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The Influence of Simulated Sunlight on the Inactivation of Influenza Virus in Aerosols.
Schuit, Michael; Gardner, Sierra; Wood, Stewart; Bower, Kristin; Williams, Greg; Freeburger, Denise; Dabisch, Paul.
Afiliação
  • Schuit M; National Biodefense Analysis and Countermeasures Center, Operated by BNBI for the US Department of Homeland Security Science and Technology Directorate, Frederick, MD, USA.
  • Gardner S; National Biodefense Analysis and Countermeasures Center, Operated by BNBI for the US Department of Homeland Security Science and Technology Directorate, Frederick, MD, USA.
  • Wood S; National Biodefense Analysis and Countermeasures Center, Operated by BNBI for the US Department of Homeland Security Science and Technology Directorate, Frederick, MD, USA.
  • Bower K; National Biodefense Analysis and Countermeasures Center, Operated by BNBI for the US Department of Homeland Security Science and Technology Directorate, Frederick, MD, USA.
  • Williams G; National Biodefense Analysis and Countermeasures Center, Operated by BNBI for the US Department of Homeland Security Science and Technology Directorate, Frederick, MD, USA.
  • Freeburger D; National Biodefense Analysis and Countermeasures Center, Operated by BNBI for the US Department of Homeland Security Science and Technology Directorate, Frederick, MD, USA.
  • Dabisch P; National Biodefense Analysis and Countermeasures Center, Operated by BNBI for the US Department of Homeland Security Science and Technology Directorate, Frederick, MD, USA.
J Infect Dis ; 221(3): 372-378, 2020 Jan 14.
Artigo em Inglês | MEDLINE | ID: mdl-31778532
ABSTRACT

BACKGROUND:

Environmental parameters, including sunlight levels, are known to affect the survival of many microorganisms in aerosols. However, the impact of sunlight on the survival of influenza virus in aerosols has not been previously quantified.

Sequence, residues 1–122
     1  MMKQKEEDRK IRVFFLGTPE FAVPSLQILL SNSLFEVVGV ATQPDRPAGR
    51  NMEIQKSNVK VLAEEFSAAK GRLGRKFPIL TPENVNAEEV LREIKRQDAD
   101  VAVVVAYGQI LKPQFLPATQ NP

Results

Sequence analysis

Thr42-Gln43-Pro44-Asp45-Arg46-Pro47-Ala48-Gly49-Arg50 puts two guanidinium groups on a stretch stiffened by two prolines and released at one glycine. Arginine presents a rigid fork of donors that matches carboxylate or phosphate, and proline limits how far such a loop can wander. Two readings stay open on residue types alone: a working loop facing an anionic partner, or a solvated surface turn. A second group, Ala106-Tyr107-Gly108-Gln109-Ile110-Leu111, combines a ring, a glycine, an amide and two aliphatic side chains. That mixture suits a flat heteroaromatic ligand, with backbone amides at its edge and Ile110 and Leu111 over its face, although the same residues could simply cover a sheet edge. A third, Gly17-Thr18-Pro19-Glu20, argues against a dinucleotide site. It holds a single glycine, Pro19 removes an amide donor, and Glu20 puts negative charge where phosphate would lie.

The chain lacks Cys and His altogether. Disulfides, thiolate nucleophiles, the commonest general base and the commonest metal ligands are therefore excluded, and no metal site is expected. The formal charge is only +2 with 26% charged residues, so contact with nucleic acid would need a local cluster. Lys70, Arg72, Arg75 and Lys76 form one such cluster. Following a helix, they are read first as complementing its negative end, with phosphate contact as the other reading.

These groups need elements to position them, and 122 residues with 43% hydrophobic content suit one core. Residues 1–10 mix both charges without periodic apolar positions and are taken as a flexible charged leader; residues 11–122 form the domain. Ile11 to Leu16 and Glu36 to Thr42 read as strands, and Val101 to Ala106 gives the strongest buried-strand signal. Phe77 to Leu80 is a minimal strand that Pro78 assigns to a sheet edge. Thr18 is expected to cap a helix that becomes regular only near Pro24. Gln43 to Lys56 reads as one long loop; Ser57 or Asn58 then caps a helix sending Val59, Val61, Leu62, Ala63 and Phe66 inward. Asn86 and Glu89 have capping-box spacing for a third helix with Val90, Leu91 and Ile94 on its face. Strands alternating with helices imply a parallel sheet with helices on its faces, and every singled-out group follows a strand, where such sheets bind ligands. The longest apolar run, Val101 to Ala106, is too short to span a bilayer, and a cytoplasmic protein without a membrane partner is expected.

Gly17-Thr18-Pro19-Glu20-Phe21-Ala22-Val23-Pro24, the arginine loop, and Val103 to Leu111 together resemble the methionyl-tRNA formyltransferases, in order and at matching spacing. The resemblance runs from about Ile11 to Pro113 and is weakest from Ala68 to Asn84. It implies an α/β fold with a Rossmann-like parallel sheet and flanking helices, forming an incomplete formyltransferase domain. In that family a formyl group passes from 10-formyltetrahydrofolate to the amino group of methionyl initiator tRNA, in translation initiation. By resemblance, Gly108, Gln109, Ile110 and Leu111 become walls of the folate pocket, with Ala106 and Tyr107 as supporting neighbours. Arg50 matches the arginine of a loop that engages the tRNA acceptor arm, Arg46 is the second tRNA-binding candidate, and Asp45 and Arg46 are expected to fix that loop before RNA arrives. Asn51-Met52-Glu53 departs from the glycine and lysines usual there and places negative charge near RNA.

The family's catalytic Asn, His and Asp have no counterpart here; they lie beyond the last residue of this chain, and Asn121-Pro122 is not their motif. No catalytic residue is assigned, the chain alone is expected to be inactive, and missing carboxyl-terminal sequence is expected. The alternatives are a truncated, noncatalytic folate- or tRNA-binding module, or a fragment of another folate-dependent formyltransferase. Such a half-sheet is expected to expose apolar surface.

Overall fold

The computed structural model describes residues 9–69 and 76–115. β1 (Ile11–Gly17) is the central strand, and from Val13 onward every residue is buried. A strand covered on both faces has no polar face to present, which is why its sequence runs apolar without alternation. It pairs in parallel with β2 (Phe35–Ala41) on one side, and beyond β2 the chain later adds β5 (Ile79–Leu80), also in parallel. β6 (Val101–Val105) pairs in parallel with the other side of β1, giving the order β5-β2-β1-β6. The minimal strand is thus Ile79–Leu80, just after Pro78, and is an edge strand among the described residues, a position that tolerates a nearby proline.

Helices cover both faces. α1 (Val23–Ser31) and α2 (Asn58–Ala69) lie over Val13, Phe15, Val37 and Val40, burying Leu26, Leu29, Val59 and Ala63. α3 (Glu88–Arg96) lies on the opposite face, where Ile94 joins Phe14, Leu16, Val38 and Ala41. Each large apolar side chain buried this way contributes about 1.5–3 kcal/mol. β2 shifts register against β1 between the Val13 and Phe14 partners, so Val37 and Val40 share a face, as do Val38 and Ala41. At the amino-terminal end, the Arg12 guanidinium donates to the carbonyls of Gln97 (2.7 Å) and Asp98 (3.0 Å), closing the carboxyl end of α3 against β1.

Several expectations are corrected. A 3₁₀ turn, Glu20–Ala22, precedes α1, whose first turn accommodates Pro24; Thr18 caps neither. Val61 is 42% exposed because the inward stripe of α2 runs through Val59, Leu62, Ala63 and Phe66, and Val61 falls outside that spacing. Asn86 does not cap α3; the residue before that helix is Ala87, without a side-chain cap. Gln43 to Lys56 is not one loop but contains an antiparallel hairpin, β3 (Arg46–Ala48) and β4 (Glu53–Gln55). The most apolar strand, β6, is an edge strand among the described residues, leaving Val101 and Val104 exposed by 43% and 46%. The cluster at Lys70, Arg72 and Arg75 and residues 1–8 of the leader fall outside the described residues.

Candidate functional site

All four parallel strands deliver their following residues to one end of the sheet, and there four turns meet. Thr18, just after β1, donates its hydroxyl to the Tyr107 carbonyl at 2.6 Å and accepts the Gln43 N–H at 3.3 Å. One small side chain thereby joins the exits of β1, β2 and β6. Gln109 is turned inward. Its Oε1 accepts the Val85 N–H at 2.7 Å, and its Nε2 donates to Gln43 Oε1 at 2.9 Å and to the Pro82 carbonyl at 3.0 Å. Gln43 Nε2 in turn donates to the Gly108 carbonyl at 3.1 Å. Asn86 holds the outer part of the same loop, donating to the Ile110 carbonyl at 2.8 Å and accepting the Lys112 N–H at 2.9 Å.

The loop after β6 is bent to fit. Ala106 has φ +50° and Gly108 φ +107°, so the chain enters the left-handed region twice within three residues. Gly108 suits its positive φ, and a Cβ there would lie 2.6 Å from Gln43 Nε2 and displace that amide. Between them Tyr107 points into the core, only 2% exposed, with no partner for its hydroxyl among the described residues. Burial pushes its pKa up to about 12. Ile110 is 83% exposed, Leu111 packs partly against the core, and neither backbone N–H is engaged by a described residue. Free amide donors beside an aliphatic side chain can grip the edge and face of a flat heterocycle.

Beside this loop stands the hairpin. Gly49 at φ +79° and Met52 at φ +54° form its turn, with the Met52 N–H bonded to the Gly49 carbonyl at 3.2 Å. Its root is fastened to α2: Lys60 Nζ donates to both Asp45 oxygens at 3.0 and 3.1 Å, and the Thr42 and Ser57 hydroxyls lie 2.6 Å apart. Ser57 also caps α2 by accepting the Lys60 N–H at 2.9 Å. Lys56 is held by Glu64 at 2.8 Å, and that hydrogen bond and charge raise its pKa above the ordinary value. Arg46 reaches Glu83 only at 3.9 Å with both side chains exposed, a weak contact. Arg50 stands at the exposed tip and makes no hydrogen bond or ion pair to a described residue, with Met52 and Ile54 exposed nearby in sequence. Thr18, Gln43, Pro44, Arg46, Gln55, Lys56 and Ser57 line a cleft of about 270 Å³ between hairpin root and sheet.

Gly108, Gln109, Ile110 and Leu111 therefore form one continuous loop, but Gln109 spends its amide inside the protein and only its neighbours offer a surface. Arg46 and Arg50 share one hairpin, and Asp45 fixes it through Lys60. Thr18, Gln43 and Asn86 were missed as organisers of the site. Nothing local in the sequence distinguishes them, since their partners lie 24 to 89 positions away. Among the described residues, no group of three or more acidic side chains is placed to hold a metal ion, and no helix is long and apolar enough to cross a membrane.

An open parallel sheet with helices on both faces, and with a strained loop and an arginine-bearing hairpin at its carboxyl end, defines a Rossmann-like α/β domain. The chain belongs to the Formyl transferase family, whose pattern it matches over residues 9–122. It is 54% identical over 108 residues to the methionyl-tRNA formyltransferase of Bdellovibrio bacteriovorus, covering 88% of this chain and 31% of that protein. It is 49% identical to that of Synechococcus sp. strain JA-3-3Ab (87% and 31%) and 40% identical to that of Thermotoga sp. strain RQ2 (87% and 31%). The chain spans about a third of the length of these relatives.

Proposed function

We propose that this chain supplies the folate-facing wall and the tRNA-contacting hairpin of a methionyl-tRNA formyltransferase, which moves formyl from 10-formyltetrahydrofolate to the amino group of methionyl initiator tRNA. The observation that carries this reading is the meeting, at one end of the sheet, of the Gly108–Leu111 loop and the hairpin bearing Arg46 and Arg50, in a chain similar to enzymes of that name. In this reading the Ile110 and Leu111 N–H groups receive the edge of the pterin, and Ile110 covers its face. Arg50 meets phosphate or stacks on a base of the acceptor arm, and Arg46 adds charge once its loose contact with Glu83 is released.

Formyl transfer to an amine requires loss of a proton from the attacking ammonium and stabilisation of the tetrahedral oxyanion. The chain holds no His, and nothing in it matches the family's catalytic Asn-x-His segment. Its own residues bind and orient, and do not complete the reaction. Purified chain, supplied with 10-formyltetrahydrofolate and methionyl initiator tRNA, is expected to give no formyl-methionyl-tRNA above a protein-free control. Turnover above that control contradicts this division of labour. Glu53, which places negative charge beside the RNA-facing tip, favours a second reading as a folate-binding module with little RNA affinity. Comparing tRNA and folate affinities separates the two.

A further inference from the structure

METHODS:

The present study examined the influence of simulated sunlight on the survival of influenza virus in aerosols at both 20% and 70% relative humidity using an environmentally controlled rotating drum aerosol chamber.

RESULTS:

Measured decay rates were dependent on the level of simulated sunlight, but they were not significantly different between the 2 relative humidity levels tested. In darkness, the average decay constant was 0.02 ± 0.06 min-1, equivalent to a half-life of 31.6 minutes. However, at full intensity simulated sunlight, the mean decay constant was 0.29 ± 0.09 min-1, equivalent to a half-life of approximately 2.4 minutes.

CONCLUSIONS:

These results are consistent with epidemiological findings that sunlight levels are inversely correlated with influenza transmission, and they can be used to better understand the potential for the virus to spread under varied environmental conditions.

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Texto completo: Disponível Coleções: Bases de dados internacionais Base de dados: MEDLINE Idioma: Inglês Revista: J Infect Dis Ano de publicação: 2020 Tipo de documento: Artigo País de afiliação: Estados Unidos